Immobilisation - Sports Injury Treatment

What is immobilisation?

Immobilisation involves stabilising and resting an injury by preventing the affected muscle, joint or limb from moving or bearing weight.

Forms of immobilisation


Broken bones will usually be placed in a cast; the cast will be fitted once the two ends of the bone have been re-aligned. Casts are usually made of fibreglass or plaster. Once a cast has been fitted it will hold the bone in place and allow it to heal. Casts are designed to fit the individual person.


Splints are used for smaller fractures, such as broken fingers and dislocations. A splint helps to stabilised the bone or joint and can be used as a temporary measure before a cast is fitted.


A sling is used to immobilise the arm after an injury to the arm, wrist or shoulder. Commonly, slings are used in conjunction with a cast.


Collars are used to stabilise and support the neck after an injury. The collar also limits the movement of the head, which prevents further harm to the neck.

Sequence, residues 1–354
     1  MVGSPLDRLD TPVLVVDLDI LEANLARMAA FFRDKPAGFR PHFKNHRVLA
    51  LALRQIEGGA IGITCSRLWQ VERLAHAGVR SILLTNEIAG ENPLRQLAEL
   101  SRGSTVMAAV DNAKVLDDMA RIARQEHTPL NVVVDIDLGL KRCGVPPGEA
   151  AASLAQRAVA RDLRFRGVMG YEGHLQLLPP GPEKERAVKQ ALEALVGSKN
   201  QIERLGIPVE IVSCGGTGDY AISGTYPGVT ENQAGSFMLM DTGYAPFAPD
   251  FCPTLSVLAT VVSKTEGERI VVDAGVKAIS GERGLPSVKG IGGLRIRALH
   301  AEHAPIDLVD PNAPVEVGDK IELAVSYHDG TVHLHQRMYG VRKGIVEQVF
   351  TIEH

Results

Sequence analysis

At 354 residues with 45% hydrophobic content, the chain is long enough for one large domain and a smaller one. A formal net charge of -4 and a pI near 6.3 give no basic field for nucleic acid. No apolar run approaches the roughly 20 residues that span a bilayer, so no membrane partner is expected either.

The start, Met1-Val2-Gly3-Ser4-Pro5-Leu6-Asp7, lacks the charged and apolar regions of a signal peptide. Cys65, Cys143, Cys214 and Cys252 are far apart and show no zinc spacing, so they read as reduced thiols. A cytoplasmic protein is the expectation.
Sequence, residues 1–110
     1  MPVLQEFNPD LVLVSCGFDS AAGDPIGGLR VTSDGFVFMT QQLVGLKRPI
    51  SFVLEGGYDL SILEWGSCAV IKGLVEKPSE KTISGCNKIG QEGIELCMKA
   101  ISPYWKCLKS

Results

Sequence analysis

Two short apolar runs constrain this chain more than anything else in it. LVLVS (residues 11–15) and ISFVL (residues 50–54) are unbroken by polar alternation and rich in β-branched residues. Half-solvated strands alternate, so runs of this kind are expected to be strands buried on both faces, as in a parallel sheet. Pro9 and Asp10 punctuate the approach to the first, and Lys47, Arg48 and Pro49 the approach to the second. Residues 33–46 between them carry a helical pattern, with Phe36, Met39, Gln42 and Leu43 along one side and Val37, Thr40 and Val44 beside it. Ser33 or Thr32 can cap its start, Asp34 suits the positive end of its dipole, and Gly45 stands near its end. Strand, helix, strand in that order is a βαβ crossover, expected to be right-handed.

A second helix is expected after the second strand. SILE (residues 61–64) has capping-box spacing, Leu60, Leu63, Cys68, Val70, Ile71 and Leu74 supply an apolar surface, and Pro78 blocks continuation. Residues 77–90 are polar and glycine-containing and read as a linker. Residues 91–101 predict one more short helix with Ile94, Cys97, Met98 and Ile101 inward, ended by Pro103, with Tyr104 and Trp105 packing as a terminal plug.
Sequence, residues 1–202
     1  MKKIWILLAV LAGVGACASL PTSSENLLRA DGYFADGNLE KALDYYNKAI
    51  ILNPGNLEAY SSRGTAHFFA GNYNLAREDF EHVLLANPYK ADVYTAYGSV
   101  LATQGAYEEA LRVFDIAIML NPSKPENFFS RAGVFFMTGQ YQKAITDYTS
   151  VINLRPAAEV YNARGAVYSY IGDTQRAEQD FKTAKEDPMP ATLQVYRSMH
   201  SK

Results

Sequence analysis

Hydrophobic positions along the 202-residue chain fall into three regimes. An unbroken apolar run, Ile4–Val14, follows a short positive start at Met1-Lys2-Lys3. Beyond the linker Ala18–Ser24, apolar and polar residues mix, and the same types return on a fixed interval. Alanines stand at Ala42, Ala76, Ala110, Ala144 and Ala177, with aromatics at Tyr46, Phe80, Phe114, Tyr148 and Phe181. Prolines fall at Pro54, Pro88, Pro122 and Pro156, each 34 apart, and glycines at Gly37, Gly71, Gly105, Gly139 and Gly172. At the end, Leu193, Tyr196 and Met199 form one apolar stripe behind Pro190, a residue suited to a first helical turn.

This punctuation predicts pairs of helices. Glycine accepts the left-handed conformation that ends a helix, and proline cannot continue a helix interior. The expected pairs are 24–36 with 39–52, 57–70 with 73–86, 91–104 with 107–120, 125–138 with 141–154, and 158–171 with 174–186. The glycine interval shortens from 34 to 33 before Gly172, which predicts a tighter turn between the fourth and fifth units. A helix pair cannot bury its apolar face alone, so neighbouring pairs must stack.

Braces are commonly used for spinal, leg and arm injuries; braces are used to hold bones in place and support the surrounding area. Braces are usually removable.

Mobility aids

When the body is recovering from an injury, an athlete may use aids, such as crutches, a walking stick or a wheelchair to help them get around while the injured joint, muscle or limb is immobilised; this also ensures the affected body part is not under pressure from bearing weight, which will aid recovery and prevent further damage.

Effects and benefits of immobilisation

Immobilisation allows the injured body part to heal and prevents it being damaged any further.

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